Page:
I have always personally enjoyed card games of all sorts. I played all of the classic card games preferred by the older generations when I was younger. I also played some of the newer and hyped games such as Pokemon.
It enjoyed all of these games quite passionately, sometimes obsessively. Eventually, around my preteen ages I stumbled across the game of poker. At first, like even the best I was not very good. I played for free online, and I could not even win that the better majority of the time. At some point I improved and I was winning 80% my games. I realized that there were of course methods to improve at and it was not dependent ultimately on chance. That was encouraging to me as I had mild aspirations of doing well in general.
I learned a lot about the game and was surprised to find a full graduate program offered at MIT, entitled “Poker Theory and Analytics”. One should note I was not invited to such a program, no. my friend recommended it to me as a valuable learning resource. For those who are not aware MIT OCW offers free online courses. I found this curious that such driven individuals could find the need to study a superficially simple game, only because it challenged those who told me it was mathematically illogical to win money at.
As I learned more about the game I had to learn a lot more than just the game. I had to learn psychology more than anything else. More psychology was learned in my quest for poker stardom than in the rest of my life combined. In one of the lectures at MIT, one surrounding poker economics; the instructor mentions how poker contacts have been of his most valuable assets throughout his life. I can’t help but mention his alleged battle against the formidable Bill Gates.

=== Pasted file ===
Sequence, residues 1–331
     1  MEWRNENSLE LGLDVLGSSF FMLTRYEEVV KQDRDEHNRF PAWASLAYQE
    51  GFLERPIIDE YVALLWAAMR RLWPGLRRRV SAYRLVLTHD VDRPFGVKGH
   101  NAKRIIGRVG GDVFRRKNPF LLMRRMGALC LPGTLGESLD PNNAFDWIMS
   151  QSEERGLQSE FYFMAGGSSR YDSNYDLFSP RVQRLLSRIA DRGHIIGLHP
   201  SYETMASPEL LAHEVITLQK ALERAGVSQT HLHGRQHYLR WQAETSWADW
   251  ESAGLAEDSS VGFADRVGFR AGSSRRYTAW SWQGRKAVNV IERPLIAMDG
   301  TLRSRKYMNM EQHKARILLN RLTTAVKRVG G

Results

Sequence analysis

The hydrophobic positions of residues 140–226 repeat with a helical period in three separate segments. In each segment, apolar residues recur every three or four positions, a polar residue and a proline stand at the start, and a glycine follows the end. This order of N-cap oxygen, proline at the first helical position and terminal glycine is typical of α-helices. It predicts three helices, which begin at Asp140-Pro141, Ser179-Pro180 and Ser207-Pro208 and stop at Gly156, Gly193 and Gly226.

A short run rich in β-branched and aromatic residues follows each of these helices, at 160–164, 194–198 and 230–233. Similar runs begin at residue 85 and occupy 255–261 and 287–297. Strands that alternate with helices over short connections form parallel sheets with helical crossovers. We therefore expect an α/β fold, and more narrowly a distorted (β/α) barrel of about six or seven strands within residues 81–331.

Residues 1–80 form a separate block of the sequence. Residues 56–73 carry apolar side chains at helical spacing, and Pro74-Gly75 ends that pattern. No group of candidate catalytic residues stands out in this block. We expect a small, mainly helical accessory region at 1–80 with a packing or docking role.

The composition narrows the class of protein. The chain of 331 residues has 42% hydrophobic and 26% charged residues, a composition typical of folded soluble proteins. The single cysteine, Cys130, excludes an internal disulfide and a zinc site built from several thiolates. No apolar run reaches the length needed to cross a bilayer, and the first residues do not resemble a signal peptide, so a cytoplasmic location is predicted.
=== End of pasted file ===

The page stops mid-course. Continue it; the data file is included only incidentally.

Among all that I learned from poker, I learned something on top of all that. I learned that things you wouldn’t think would be beneficial to your life in a measurable and predictable degree have benefits that you only need consider if you are capable. Poker taught a naive kid all he needs to know about psychology and strategy.
There are the aggressive players that thrive from you backing down
There are the conservative players that thrive from your recklessness
There are the chameleon players that thrive from your blindness
And there are the reverse psychological players that thrive from unpredictability
In conclusion a recipe at all is a recipe for disaster